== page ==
Richard Taylor, Extension Agronomist; firstname.lastname@example.org
This season I’ve already had a couple of questions asked as to when and how to evaluate alfalfa stands. Below are descriptions of two methods that can be used to determine the viability of an alfalfa stand. An alfalfa producer should use not only one of these methods but their feel for the vigor of the particular stand they wish to evaluate, as well as the production history of that field.
The first method consists of counting the number of plants per square foot. Current research information suggests that when stand counts fall below 3 to 5 plants per square foot, it’s time to either rotate out of pure alfalfa or interseed a grass crop such as orchardgrass, festulolium, tetraploid ryegrass, or annual ryegrass or interseed another legume not hurt by the autotoxicity seen in year old or older alfalfa stands. Red clover is the legume of choice and should be planted at 6 to 8 lbs pure live seed per A either by broadcasting it on in very early spring or seeding it with a no-till drill (plant either in very early spring or in early to mid-Sept after the last harvest of the season).
The second evaluation method derives from research out of Wisconsin by Dr. Dennis Cosgrove that indicates that stem number, rather than plant number, is a more accurate determination of when to plow down or interseed an alfalfa stand. Cosgrove suggests using a value of 55 or more stems per square foot to indicate that the stand will produce maximum yield. A reduction in stem number per square foot to 40 stems or less will result in a 25 percent yield reduction. At this critical level, alfalfa fields begin to lose profitability and should be rotated to another crop for one or two years.
Although you can get some idea on the potential of your alfalfa stand by counting either the number of plants or the number of tillers per square foot, you will need also to consider checking on the health of those plants to have an accurate basis for a decision on keeping or destroying an alfalfa stand. To do this, in the spring when new growth is about 4 to 6 inches tall, check a random one square foot site for each 5 to 10 As of alfalfa or at least 4 to 5 sites on small fields. Dig up several plants at each site and slice open the crown and root (longitudinally) with a sharp knife to determine the health of the crown and tap root. Healthy roots and crowns will be firm and white to slightly yellow in color. Diseased roots will have dark brown areas extending down the center, especially if crown rot is a problem. Reduce your counts of plants per square foot or tillers per square foot so only the healthy plants present are counted. Plants with roots that are mushy or soft are likely to die; and although those with a few brown spots may survive, the overall vigor of the stand will be compromised by the presence of disease.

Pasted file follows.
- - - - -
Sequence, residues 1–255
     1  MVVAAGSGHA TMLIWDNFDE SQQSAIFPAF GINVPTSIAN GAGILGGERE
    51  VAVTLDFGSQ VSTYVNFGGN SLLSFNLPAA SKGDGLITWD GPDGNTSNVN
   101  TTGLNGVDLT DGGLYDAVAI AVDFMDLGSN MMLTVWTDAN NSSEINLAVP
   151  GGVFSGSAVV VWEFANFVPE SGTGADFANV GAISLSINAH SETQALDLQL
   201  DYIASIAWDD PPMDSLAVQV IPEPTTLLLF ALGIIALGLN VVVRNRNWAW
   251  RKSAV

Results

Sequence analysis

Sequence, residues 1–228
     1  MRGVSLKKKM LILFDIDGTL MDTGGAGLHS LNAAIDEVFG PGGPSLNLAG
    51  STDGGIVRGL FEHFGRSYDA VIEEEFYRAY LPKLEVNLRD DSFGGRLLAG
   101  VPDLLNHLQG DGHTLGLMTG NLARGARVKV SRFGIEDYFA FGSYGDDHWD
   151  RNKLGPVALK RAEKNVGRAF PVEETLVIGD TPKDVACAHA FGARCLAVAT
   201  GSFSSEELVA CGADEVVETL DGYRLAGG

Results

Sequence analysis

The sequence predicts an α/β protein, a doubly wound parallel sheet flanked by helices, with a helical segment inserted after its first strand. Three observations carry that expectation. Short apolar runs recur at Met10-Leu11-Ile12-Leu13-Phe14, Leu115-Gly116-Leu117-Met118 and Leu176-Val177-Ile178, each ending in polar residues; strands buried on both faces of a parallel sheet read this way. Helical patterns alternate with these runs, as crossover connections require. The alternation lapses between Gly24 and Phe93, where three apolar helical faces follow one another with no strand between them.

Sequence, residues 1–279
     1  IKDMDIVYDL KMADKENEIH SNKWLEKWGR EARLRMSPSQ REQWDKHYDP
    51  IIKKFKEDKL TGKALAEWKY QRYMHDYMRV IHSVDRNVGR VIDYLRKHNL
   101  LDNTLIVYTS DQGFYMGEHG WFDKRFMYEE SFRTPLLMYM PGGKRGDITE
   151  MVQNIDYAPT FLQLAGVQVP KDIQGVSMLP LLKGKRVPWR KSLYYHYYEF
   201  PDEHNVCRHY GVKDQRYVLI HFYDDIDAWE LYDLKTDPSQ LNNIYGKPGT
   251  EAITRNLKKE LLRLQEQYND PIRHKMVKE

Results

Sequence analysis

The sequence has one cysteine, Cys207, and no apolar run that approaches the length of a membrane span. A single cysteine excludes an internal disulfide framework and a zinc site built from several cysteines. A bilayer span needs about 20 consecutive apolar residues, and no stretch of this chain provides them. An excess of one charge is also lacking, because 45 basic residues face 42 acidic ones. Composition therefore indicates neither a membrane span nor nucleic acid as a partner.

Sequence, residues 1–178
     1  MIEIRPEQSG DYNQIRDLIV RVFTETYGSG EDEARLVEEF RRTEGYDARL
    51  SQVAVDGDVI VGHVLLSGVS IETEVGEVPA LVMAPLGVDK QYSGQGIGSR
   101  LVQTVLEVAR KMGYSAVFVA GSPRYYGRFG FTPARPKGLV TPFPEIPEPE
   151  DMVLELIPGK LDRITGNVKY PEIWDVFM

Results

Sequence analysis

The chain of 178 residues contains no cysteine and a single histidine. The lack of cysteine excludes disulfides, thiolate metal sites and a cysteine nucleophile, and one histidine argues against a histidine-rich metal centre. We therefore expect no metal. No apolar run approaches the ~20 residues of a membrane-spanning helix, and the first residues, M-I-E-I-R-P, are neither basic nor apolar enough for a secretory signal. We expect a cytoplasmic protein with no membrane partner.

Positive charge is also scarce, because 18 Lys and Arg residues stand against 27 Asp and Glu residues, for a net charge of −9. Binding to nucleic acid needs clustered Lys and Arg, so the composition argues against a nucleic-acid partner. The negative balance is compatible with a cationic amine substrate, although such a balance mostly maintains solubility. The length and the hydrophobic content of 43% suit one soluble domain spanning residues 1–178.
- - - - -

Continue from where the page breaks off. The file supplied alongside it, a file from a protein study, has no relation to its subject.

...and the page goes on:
If you must decide on whether to reseed before growth begins in the spring (and you do not plan to take a first harvest of alfalfa before planting another crop) or after a very hard winter with significant heaving or winter injury, base your decision to reseed on the number of plants per square foot (Table 1). If a decision to reseed can be made during the growing season or after about 4 to 6 inches of growth has occurred in the spring, either evaluation method can be used (Table 1). In Table 1 below, I’ve modified various estimates for good, marginal, and poor stands to give the grower possible guidelines to consider in making a decision on keeping the stand or interseeding a grass or other legume.
Table 1. Suggested plants per square foot or tillers per square foot (#) criteria for evaluating alfalfa stands on Delmarva.
Age of stand
|Good stand||Marginal stand||Consider replacement1 or renovation2 with interseeded grass or red clover|
|Plants per square foot with spring tillers per square foot in parentheses|
|New||25-40 plts (> 75)||15-25 plts (< 55)||< 15 plts (< 50)|
|1 year old||> 12 plts (> 60)||8-12 plts (< 55)||< 8 plts (< 45)|
|2 years old||> 8 plts (> 55)||5-7 plts (< 50)||< 5 plts (< 40)|
|3 years old||> 6 plts (> 50)||4-6 plts (< 45)||< 4 plts (< 40)|
|4 years old or older||> 4 plts (> 50)||3-4 plts (< 40)||< 3 plts (< 40)|
1 If the stand is to be plowed for replacement, growers often find it economically favorable to take a first cutting and then plow and plant a rotational crop that can use the nitrogen mineralized from the decomposing alfalfa plants. Rotate out of alfalfa at least until the next fall (14 to 18 months) but preferably for 2 to 4 years. This will allow time for a reduction in the potential for alfalfa diseases and provide the grower the opportunity to correct soil nutrient and pH (acidity) problems as well as make use of the residual N mineralization potential that exists in a field following an alfalfa crop.
2 If you consider renovation or extending the stand life, try no-tilling a grass crop such as orchardgrass, tetraplpoid annual or perennial ryegrass, or one of the new varieties of festulolium (a cross between meadow fescue and one of the ryegrasses). The grass will increase your tonnage especially if you fertilize for the grass with nitrogen fertilizer. This also has the effect of driving out alfalfa at the same time as production levels are maintained for an additional year or two. Another option for extending an alfalfa stand’s life for 1 to 2 years is to seed in 6 to 8 lbs of red clover per A. This option will maintain the higher protein production from the field.